My brother and I were only 13 months apart, so we fought. Often. Particularly during our long, summer, family trips abroad, where we were often confined to small hotel rooms. But there was one incident that simultaneously traumatized and bonded us. We were either in Paris or Madrid, and our parents went out on a date night. They left us in the hotel room alone. It was locked, so we were totally safe, but I think it was the first time we'd ever been left alone like that. The novelty of it quickly wore off and we freaked out, sobbing and hugging. I think we were still sobbing and hugging when our parents returned from their night out. The fact that we were seeking solace in each other meant we were really distraught. We must have still been in elementary school, because that would not have happened if we were pre-teens or teens.
It's funny to look back on that now, because I love traveling alone. Learning about new cultures and places makes me feel alive, renewed, simultaneously solitary and connected to humanity like nothing else. And for me, traveling alone doesn't mean that I'm alone the entire trip. It means I'm open to meeting other travelers, maybe sharing a meal, and people seem amenable to more meaningful conversations when you're traveling solo.
Yes, I do worry about safety as a solo female traveler, but I try to make informed choices about location and timing. As much as I'd love to go on a back country back-packing trip, I'd never do it alone. I know other women who have and I admire them tremendously. It's not about my own perceived limitations, but the reality of being small of stature, and female. I don't worry about wild animals as much as the male animal. I know, I know: not all males are predators but these are the things we women have to think about. It sucks. I hate it. But I'd never hesitate to explore a new city by myself, probably because I'm familiar with how to navigate that. To step out of my comfort level, I recently took 3 REI classes: back-country navigation, a wilderness survival, and back-packing the Grand Canyon. They've opened up my perception of my abilities, and I'm excited to put my new skills to use, albeit probably not alone.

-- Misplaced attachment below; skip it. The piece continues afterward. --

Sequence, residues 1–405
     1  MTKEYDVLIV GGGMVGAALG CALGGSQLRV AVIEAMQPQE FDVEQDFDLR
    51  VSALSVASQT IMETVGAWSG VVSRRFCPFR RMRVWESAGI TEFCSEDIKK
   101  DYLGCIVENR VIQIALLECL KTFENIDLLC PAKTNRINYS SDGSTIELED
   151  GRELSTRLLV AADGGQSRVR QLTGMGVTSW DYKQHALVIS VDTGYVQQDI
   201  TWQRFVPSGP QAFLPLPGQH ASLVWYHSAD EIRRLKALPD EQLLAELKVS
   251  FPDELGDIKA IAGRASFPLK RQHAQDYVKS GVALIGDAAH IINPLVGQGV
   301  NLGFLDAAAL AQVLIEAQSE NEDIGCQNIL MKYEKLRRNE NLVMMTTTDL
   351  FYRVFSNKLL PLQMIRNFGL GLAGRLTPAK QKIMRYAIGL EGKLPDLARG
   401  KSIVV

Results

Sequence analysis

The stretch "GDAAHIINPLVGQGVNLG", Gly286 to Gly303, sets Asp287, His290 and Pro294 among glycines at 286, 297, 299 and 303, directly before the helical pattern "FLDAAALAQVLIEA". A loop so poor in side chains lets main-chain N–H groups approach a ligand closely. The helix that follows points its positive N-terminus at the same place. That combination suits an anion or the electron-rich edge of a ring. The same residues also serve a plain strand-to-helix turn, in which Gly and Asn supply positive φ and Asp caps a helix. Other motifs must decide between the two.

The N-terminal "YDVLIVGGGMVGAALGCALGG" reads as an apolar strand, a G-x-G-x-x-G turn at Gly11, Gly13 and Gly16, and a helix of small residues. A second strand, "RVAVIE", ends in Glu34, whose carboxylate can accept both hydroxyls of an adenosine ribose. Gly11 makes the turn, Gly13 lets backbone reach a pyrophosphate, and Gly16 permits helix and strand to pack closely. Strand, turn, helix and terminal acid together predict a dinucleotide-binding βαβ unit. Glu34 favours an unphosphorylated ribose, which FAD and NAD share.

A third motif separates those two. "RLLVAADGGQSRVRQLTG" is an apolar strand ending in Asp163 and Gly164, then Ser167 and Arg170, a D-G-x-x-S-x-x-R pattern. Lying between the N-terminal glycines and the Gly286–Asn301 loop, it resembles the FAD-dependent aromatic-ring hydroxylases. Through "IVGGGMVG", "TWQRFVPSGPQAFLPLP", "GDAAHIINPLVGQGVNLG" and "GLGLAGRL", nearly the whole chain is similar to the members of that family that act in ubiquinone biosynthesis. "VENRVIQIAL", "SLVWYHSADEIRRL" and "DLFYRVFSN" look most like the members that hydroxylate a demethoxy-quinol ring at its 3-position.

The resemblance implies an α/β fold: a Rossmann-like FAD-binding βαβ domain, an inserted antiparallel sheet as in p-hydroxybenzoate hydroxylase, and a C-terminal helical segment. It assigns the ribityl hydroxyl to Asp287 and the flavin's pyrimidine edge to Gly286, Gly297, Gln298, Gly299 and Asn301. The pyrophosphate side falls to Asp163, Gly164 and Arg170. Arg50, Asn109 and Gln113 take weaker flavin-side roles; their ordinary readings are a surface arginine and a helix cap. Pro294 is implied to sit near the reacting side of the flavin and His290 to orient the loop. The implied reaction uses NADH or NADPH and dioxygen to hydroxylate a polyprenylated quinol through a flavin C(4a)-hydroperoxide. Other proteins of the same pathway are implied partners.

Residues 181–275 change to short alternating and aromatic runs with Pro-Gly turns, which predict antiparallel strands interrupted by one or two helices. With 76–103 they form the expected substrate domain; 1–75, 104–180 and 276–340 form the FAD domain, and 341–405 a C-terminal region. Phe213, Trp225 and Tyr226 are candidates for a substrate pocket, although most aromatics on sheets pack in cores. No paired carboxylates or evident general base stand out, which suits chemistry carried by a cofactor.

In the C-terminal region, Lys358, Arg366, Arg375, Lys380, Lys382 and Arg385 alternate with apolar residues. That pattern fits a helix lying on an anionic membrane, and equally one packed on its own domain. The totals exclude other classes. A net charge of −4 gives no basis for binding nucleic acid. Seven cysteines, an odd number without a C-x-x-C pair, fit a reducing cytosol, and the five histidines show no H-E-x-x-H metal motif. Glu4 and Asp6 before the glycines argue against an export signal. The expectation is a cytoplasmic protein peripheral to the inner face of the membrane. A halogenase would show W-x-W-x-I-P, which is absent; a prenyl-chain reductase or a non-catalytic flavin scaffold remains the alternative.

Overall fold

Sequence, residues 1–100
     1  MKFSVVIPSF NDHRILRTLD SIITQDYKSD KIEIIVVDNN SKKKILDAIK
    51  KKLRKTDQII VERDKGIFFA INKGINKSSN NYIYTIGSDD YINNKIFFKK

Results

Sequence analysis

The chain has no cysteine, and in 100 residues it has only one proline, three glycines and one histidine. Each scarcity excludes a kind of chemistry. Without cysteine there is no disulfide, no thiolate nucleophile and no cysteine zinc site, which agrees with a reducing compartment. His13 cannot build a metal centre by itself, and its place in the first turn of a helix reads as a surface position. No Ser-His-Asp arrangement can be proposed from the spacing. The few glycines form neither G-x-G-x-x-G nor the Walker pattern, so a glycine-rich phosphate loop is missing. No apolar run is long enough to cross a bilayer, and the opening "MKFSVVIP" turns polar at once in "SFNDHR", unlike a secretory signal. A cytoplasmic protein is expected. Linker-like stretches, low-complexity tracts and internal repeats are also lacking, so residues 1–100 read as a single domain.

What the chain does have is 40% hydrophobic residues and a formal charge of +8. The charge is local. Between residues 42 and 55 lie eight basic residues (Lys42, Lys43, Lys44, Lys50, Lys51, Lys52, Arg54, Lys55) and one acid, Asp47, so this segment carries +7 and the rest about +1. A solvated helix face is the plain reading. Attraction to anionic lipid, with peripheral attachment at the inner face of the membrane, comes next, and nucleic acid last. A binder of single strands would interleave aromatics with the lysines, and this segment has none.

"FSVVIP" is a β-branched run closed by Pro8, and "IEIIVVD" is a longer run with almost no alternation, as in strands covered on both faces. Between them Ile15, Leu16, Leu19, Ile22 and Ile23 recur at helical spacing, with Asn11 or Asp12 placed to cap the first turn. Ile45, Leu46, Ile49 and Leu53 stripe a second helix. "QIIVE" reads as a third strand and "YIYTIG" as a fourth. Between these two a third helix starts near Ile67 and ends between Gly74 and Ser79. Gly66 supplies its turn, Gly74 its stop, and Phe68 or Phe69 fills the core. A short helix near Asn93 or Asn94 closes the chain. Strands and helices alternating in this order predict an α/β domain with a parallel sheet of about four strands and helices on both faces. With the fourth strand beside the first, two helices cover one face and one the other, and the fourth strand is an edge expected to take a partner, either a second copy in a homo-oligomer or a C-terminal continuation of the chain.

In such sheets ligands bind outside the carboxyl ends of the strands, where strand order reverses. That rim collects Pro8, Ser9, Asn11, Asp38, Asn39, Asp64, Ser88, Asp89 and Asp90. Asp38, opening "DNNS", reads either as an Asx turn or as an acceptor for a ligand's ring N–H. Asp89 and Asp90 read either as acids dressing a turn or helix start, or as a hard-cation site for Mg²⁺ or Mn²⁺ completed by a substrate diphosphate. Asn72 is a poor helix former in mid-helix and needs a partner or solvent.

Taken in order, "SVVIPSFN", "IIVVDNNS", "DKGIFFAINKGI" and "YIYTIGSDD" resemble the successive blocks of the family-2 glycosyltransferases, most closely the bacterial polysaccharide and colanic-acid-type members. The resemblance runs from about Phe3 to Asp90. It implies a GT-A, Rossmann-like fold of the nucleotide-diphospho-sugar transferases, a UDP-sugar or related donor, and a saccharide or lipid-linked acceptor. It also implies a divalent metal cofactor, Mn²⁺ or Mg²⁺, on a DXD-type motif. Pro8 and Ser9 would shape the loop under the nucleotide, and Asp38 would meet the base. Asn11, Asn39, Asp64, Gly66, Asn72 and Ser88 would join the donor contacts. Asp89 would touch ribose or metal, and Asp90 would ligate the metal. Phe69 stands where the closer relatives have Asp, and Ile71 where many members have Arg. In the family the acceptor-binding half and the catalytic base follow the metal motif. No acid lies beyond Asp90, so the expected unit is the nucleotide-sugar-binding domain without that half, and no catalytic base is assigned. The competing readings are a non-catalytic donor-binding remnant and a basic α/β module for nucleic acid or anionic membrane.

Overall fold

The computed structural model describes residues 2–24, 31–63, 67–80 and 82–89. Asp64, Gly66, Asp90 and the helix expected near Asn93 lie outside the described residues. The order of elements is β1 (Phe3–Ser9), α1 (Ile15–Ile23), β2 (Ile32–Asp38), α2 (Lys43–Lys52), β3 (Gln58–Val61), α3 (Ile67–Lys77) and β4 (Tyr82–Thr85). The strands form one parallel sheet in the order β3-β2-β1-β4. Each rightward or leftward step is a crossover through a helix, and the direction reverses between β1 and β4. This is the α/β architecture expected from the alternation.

I've been following REI's Outessa and Wild Women Adventures on social media. I hope to join one of their women-only trips next year. But first things first: graduate with my MBA and create a career.